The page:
• Jason Kenney (winner): Back when Jason Kenney endorsed Erin O’Toole, it was easy to see it as a key moment back then. The historical rivalries between Kenney and MacKay are well known so you know that being who he is, he wasn’t going to sit quietly on the sideline while MacKay strolled to victory. But given the light field that got into this race, Kenney didn’t have many choices when it came to which candidate to back. Really it was clear that it should have been O’Toole by default but let’s be clear; O’Toole needed Kenney’s support much more than Kenney needed to back O’Toole. Kenney could have sat back and just let O’Toole do his thing. But by backing him so publicly, Kenney gave the only person with a chance to beat MacKay the boost he would need to pull it off. In the end, Kenney gained himself a proxy in Ottawa, someone who owes his leadership in great part to Kenney’s endorsement and help. That’s a serious power imbalance that could be problematic for O’Toole in the long run. But for Kenney, he’s on the good side of that imbalance, which might make him one of the bigger winners in this race down the road
  • Derek Sloan (loser): It came as no shock that Derek Sloan came in last nationally and almost in every province in the country. Given his lack of experience, inability to speak French and his generally offensive views, he never should have been in this race at all. Or as one Conservative commentator put it on CBC last night, Sloan wouldn’t have been approved to be a candidate in a general election under Stephen Harper, let alone to run for leader. While Sloan might have gotten more of the vote than most anticipated, he was never a treat to contend. The only threat he turned out to be was to his own political future because it’s hard to picture how after everything he’s said and done in this race that the new leader will be able to keep him in the caucus. That will be among O’Toole’s first challenges, especially if there is a snap election and he has to decide if he’ll let him run for the party. While it wouldn’t be surprising if Sloan was allowed to stay, it’s hard to image him ever getting a chance to be a cabinet minister in any future Conservative government. Most MPs like Sloan who get into a leadership race they have no business being in do so to raise their profile and make themselves a cabinet candidate in the future. While Sloan did raise his profile, he also razed his reputation and name, making him toxic and destroying any chance to become anything more than the most back bench of back benchers. And that’s the best-case scenario. So in far too many ways, Sloan lost this race and lost bigtime.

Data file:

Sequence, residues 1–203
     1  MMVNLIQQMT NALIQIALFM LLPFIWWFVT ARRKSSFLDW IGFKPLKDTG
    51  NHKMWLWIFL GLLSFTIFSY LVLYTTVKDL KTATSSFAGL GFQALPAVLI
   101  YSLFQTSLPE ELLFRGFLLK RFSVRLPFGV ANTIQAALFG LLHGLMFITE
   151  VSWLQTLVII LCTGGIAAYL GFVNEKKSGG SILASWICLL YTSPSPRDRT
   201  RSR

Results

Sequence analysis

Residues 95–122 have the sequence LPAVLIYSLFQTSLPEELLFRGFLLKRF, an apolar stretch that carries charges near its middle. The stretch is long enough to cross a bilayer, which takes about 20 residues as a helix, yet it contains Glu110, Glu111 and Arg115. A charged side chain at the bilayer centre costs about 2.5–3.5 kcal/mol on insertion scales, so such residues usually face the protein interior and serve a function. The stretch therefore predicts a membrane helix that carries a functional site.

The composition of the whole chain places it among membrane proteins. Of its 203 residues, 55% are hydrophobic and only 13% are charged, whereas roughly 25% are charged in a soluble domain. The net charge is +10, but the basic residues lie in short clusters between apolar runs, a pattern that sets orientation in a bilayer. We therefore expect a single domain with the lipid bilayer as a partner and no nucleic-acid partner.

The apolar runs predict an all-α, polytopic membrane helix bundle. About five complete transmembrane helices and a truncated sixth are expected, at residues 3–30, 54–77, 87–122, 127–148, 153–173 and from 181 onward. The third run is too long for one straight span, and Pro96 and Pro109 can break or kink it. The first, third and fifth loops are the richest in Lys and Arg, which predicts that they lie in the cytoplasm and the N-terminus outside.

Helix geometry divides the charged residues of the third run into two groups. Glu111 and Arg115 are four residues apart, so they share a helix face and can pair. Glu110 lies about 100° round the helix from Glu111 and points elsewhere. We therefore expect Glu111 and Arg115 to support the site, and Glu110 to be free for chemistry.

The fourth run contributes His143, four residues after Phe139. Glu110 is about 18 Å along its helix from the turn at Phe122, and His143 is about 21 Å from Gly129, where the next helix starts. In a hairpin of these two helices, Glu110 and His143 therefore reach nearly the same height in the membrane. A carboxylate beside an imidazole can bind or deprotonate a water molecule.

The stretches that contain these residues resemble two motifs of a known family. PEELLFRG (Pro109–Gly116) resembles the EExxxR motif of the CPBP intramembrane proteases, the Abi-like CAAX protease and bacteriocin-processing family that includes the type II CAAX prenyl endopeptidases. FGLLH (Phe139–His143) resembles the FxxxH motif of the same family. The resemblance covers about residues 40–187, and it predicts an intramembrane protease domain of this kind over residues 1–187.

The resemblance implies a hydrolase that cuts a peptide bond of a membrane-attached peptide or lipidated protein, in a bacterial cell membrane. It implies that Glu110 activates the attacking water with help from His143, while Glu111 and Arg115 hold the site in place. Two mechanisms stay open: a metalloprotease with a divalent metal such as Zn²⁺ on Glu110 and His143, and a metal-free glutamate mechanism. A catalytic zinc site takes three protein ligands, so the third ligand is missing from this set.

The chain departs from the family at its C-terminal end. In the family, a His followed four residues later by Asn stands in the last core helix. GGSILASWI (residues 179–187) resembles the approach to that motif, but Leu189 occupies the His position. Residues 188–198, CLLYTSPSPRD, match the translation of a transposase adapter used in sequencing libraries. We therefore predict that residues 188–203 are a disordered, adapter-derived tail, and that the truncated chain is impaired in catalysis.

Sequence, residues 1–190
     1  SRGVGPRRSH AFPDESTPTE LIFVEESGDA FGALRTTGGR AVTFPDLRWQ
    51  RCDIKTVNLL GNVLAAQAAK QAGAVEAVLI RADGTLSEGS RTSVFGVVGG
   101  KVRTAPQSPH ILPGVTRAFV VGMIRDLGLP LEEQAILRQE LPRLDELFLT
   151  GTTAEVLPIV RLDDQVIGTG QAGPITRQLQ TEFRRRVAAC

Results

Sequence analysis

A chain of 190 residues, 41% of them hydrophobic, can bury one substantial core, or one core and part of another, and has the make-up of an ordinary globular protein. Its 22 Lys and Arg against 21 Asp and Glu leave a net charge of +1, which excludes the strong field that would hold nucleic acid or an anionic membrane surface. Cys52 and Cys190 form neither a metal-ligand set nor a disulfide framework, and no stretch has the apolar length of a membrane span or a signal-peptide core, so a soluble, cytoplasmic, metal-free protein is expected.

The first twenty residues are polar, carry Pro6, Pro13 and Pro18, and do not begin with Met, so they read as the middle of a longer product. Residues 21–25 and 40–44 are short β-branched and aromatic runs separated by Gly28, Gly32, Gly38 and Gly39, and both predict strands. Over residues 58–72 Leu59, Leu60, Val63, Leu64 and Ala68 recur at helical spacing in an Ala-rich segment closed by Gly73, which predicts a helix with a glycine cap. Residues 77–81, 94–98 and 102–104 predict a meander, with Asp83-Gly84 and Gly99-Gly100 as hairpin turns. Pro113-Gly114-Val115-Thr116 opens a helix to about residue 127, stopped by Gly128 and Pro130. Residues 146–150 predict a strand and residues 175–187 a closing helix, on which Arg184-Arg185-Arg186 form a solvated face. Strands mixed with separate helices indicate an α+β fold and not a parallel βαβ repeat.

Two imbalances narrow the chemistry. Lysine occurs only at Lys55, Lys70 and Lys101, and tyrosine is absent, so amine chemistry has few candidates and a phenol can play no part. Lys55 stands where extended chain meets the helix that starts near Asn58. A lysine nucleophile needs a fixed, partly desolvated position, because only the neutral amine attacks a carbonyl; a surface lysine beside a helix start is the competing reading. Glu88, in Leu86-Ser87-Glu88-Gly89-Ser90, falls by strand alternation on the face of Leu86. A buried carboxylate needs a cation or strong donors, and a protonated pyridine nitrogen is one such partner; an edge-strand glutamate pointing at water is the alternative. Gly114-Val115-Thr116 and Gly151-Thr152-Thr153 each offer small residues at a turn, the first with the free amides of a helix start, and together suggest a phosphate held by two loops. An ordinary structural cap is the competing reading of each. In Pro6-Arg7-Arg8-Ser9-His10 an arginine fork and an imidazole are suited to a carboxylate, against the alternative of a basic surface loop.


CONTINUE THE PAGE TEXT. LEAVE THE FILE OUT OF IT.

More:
• Justin Trudeau & the Liberals (winners-ish): When it comes to the current government, Peter MacKay might have been the biggest threat to them in a general election, even with his inability to speak French. But regardless of which of the four won last night, none of them showed the immediate ability to give Trudeau and the Red team night terrors. When the inability to speak French was so stark with the whole field, that was always going to give the Liberals a big electoral advantage that would be historically hard for the Conservatives to overcome. And given how O’Toole won this race and the language he used, the Liberals ability to paint the Conservatives into a box just got easier than it would have with MacKay. That there alone should make them winners in this, but I put a big caveat on all of this. Over the past 18 months the Liberals have managed to show an amazing ability to hurt themselves with scandals, the latest of which being the WE scandal. Those cuts add up after a while and while no one will force you to bleed out, if you gather enough of them eventually you bleed out. The Liberals are dancing dangerously on the edge of that point and if the Red Team underestimate O’Toole and Co, it could turn out to be the biggest mistake they’ve ever made. While the Conservatives blind hatred of Justin Trudeau left them blind to the possibilities of them winning in 2015, the Liberals equally dangerous high self-confidence and generally low esteem for the abilities of the Conservatives could equally have the same effect whenever the next election comes. I’ve said it time and again, the best asset the Liberals have is an Opposition that’s been unable to take advantage of their gaffs and scandals. But eventually someone will get it right, either through skill, accident or luck. People won’t ignore the Liberals scandals forever and if they are counting on the opposite, this win could easily turn into a loss, another completely of their own making.